When the U.S. Department of Education released the College Scorecard earlier this year, it was the first salvo in a years-long effort to reform the way that students and families search for colleges. As we wrote earlier on the blog, the goal was the development of a ratings system and a transparent tool “that allows students and their families to search colleges the same way they shop for books, cars, or music.”
While we applaud their first efforts, like many others in the college access field, we knew that the tool and its complementary rankings system still needed some work to be truly effective. In April, we issued a helpful “Beware How You Compare” primer, cautioning Florida college-going students to look closely at the federal data to learn why graduation rates, loan defaults and median borrowing amounts at the state’s higher ed institutions need to be considered in light of the socioeconomic profiles of students’ families.
By the 2015-16 school year, the Department has the ambitious goal of rolling out a ratings system that will not only allow students to compare the value of colleges but encourage higher education institutions to improve. Now the agency wants public feedback to help develop the ratings systems. Here is where they most need input:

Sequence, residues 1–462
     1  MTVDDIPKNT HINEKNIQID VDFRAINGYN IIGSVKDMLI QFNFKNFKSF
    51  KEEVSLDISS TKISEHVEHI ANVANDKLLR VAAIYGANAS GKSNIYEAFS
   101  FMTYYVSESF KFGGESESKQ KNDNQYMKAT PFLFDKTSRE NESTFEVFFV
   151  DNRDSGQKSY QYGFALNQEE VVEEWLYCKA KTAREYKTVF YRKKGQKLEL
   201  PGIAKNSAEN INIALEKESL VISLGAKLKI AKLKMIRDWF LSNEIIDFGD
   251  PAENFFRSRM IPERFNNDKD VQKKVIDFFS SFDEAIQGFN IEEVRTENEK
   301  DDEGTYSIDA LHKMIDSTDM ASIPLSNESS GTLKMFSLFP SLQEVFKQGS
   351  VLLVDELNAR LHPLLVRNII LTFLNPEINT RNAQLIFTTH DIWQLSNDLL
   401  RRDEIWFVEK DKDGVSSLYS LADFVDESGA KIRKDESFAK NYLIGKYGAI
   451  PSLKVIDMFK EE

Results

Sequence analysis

- The characteristics individuals look for when choosing a college.
- The information individuals must have to compare colleges.
- The important factors to think about when considering the “value” of a college.
- The ways that individuals weigh college price, quality, geography, program of study, or other factors when comparing colleges.
- How individuals make a distinction between a high-performing college and a low-performing college.
To submit your comments on what the agency can do to help guide family choices by better ranking college affordability, value and performance , please email the Department at email@example.com
The National College Access Network, which circulated this message to us, said its first priority was “to give students consumer-level information to help guide their choices about college-going, including the reporting of information that is currently not available such as graduation rates for Pell Grant recipients, ultimate outcomes for students that transferred to another institution or standard information on job placement and earnings.”
At Florida C.A.N.! we have made our own contribution to the debate by “remixing” the College Scorecard for Florida. Through an interactive web map, viewers can zoom in on colleges by location, size and major, revealing the sticker price of what families actually pay, how much students borrow and what percentage of students actually graduate on time. For more information about the tool, how to use it and why we developed it, please check out our webinar on the remixed College Scorecard for Florida.